The secretaries of Commerce and Interior announced April 28 their departments are revoking a rule issued in the final days of the Bush administration that they said undermined Endangered Species Act protections.
Commerce Secretary Gary Locke and Interior Secretary Ken Salazar said federal agencies once again must consult federal wildlife experts at Commerce’s NOAA Fisheries and Interior’s U.S. Fish and Wildlife Service before taking any action that could affect threatened or endangered species.
President Obama ordered the federal resource agencies in March to review ESA rules issued in the last days of the Bush administration. (HNN 3/4/09) Obama issued that order with the idea of rolling back provisions that streamline ESA consultation with wildlife agencies on proposed actions considered unlikely to jeopardize protected species.
ï¿½For decades, the Endangered Species Act has protected threatened species and their habitats,ï¿½ Locke said. ï¿½Our decision affirms the administration’s commitment to using sound science to promote conservation and protect the environment.ï¿½
Salazar added, ï¿½By rolling back this 11th hour regulation, we are ensuring that threatened and endangered species continue to receive the full protection of the law. Because science must serve as the foundation for decisions we make, federal agencies proposing to take actions that might affect threatened or endangered species will once again have to consult with biologists at the two departments.ï¿½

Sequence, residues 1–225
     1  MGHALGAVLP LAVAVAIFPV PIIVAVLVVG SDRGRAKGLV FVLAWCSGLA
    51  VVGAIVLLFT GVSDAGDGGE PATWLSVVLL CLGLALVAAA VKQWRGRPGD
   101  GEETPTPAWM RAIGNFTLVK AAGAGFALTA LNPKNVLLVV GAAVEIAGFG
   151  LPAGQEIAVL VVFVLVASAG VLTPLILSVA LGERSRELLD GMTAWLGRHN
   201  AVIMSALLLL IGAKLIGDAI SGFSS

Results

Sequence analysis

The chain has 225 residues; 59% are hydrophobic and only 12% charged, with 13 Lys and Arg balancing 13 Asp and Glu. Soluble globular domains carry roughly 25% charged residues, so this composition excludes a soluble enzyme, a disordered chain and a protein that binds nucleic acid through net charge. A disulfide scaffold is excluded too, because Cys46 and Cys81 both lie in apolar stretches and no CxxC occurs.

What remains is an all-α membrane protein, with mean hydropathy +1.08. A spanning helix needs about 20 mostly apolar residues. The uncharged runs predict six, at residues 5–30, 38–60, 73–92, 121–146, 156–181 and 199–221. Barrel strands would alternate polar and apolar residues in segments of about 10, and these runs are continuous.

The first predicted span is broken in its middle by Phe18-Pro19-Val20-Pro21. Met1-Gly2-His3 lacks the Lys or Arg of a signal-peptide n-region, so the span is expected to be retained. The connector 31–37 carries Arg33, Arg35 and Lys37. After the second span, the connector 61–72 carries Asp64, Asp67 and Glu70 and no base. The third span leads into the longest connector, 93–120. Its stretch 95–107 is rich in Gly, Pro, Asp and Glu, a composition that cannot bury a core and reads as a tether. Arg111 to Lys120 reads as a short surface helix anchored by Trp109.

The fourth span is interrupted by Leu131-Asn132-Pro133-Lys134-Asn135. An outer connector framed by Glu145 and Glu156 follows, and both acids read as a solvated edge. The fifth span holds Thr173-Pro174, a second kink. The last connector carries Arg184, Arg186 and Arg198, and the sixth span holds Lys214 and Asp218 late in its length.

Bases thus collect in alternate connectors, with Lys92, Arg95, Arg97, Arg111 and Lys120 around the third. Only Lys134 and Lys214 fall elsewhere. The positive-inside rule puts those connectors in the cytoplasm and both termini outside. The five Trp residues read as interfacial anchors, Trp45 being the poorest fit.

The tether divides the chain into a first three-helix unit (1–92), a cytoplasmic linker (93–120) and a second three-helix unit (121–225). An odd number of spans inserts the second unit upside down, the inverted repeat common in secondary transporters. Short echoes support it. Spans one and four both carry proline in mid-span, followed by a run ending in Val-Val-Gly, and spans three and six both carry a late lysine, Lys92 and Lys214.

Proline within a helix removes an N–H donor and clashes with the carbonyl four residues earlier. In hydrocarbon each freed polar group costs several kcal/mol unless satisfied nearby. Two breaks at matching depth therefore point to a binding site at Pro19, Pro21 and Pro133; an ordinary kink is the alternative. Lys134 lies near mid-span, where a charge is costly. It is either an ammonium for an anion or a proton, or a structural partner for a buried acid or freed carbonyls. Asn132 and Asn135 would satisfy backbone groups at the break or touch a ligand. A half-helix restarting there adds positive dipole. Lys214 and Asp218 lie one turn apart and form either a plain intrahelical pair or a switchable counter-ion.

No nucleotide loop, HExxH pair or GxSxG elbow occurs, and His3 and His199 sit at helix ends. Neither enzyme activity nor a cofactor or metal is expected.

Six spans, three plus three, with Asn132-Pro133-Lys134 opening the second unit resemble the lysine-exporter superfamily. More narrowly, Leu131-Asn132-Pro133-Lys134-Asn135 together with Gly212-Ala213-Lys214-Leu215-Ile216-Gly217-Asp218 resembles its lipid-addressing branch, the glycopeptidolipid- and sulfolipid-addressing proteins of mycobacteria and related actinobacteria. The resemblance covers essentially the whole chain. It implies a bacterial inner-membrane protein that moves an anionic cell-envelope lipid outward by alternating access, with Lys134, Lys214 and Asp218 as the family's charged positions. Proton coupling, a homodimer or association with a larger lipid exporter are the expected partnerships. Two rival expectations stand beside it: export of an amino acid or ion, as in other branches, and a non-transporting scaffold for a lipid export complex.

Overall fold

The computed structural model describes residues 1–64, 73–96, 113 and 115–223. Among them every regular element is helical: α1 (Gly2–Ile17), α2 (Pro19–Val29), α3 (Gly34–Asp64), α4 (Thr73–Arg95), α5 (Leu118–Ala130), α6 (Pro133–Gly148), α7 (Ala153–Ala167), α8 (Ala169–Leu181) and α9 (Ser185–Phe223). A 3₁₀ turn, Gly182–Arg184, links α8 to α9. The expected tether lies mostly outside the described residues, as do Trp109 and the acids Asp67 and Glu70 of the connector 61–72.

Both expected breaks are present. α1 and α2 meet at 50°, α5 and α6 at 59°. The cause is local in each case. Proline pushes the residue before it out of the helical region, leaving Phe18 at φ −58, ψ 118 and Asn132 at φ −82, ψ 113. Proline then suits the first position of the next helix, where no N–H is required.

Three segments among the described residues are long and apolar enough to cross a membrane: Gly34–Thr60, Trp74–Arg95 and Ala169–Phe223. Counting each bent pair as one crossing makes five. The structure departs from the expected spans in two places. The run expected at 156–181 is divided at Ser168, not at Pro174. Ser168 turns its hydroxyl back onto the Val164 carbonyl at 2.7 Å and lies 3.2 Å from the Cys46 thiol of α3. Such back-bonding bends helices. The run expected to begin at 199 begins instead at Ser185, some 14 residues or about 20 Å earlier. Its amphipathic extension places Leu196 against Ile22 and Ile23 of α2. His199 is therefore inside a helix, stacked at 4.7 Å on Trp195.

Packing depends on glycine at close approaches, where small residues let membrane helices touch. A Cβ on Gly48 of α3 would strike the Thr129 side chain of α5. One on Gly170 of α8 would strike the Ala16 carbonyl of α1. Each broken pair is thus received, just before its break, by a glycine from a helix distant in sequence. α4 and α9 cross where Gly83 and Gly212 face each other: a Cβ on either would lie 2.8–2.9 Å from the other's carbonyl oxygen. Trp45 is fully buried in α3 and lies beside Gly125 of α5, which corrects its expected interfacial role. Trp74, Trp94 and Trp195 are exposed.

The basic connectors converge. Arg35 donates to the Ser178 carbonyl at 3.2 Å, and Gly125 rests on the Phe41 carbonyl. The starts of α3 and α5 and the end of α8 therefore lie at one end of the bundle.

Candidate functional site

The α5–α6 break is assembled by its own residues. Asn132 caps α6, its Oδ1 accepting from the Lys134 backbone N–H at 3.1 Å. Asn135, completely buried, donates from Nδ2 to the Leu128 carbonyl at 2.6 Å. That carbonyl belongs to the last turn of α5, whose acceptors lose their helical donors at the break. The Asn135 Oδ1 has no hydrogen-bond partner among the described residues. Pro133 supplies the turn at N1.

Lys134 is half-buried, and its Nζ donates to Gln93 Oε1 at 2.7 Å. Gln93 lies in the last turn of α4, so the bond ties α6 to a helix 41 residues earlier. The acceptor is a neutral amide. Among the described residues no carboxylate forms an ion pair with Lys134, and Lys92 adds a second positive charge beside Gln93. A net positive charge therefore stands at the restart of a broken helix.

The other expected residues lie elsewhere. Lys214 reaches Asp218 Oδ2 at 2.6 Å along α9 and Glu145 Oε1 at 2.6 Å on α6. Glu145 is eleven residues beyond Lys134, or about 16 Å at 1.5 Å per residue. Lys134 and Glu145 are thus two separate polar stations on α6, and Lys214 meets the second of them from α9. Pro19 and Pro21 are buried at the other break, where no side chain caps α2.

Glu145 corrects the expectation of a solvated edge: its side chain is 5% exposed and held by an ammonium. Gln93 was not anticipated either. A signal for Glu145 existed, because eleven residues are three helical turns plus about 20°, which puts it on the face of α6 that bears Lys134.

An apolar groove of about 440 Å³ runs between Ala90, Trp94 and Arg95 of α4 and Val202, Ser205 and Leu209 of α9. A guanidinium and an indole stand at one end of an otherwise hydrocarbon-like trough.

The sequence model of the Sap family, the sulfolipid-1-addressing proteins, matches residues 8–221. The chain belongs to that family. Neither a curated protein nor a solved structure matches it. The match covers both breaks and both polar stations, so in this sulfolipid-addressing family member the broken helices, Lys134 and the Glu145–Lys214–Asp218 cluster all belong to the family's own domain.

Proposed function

Locke and Salazar said the two departments would conduct a joint review of the 1986 consultation regulations to determine if improvements should be proposed.
The final rule being revoked would have let federal action agencies such as the Federal Energy Regulatory Commission determine whether federal actions are likely to jeopardize protected species, in some cases without the need to consult federal resource agencies.
Under the Bush regulations, federal agencies still had to follow most existing consultation procedures. However, exceptions were permitted in specific instances where an action was not anticipated to adversely affect any member of a listed species and the action fulfilled one of the following criteria:
o Where the action has no effect on a listed species or critical habitat;
o Where the action is wholly beneficial;
o Where the effects of the action cannot be measured or detected in a manner that permits meaningful evaluation using the best available science; or
o Where the effects of the action are the result of global processes and cannot be reliably predicted or measured on the scale of species current range, or would result in insignificant impact to a listed species, or are such that the potential risk of harm to a species is remote.